"That (first) bow I will never forget — standing on the stage in the August Wilson Theatre on 52nd Street looking out. I will always remember I sat all the way house right, stage left to see 'Groundhog Day' there the year before with my manager and my parents, and then I was performing to that exact house for my Broadway debut."

Six months later, Garr received another life-changing phone call. This time it was the hottest musical tour in the world.  

“Getting that call to be on 'Hamilton' was thrilling. I was in complete disbelief ... I asked when I was leaving, and she told me they wanted me there in four days. I was like, 'Oh gosh, okay this is happening. It’s real.'”

A musical on the life of founding father Alexander Hamilton with music, lyrics and book by Lin-Manuel Miranda, "Hamilton" won 11 Tony Awards, including best musical in 2016. It continues to dominate the world of musical theatre, with productions on Broadway, in San Francisco, Chicago and London, as well as two tours running across the U.S.

Garr joined the "Hamilton" Angelica Tour in Cincinnati, where he began six weeks of rehearsals. His first appearance as Man 2 and Samuel Seabury, which includes a dueling duet opposite Hamilton, followed on April 9, in Detroit's Fisher Theatre. Garr rarely leaves the stage, appearing in 2 hours and 45 minutes of the 3-hour show.

Just last Tuesday, Garr returned to Kentucky with the tour as it began its three-week residence at The Kentucky Center for the Arts in Louisville — a bonus part of his new gig.

"Being in my home state is absolutely incredible, especially getting to share this show with them. It was the best moment ever. Stepping on the stage opening night was like feeling my debut all over again."

And Garr hopes any aspiring UK actors and dancers in the audience take his cue to pursue their dreams in the arts.  

"Never limit yourself because your limits are limitless at the end of the day. You can do anything that you put your mind to, and you have all of the resources at UK to do that."

The Department of Theatre and Dance, part of UK College of Fine Arts, is an accredited institutional member of the National Association of Schools of Theatre (NAST). Students in the department get hands-on training and one-on-one mentorship from professional faculty and renowned guest artists in acting, directing, playwriting, theatrical design and technology. From mainstage productions to student-produced shows, students have plenty of opportunities to participate on stage or backstage. Special programs include a musical theatre certificate, education abroad, as well as a thriving dance program that emphasizes technique, composition, performance and production.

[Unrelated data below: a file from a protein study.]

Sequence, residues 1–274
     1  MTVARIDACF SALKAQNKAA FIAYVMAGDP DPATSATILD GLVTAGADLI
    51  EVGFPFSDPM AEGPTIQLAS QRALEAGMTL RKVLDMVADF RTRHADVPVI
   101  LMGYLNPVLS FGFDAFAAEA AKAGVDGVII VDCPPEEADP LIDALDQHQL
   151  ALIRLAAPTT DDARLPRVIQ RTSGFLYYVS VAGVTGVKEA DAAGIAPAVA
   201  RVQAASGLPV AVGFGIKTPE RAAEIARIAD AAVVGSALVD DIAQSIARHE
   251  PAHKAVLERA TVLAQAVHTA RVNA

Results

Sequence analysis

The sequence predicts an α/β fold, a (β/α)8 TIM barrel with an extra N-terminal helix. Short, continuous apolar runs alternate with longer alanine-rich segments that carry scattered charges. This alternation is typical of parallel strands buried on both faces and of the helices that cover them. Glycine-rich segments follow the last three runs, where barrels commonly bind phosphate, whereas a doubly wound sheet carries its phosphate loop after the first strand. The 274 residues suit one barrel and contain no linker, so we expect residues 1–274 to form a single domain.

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photo of Patrick Garr seated outside The Kentucky Center sign for Hamilton
photo of Patrick Garr in ensemble costume for "Hamilton"
photo of Patrick Garr at curtain call in "Mean Girls"
photo of Patrick Garr performing in UK Theatre's "Hair"
Patrick Garr in the seats at The Kentucky Center

The University of Kentucky is increasingly the first choice for students, faculty and staff to pursue their passions and their professional goals. In the last two years, Forbes has named UK among the best employers for diversity and INSIGHT into Diversity recognized us as a Diversity Champion two years running. UK is ranked among the top 30 campuses in the nation for LGBTQ* inclusion and safety. The Chronicle of Higher Education judged us a “Great College to Work for," and UK is among only 22 universities in the country on Forbes' list of "America's Best Employers."  We are ranked among the top 10 percent of public institutions for research expenditures — a tangible symbol of our breadth and depth as a university focused on discovery that changes lives and communities. And our patients know and appreciate the fact that UK HealthCare has been named the state’s top hospital for three straight years. Accolades and honors are great. But they are more important for what they represent: the idea that creating a community of belonging and commitment to excellence is how we honor our mission to be not simply the University of Kentucky, but the University for Kentucky.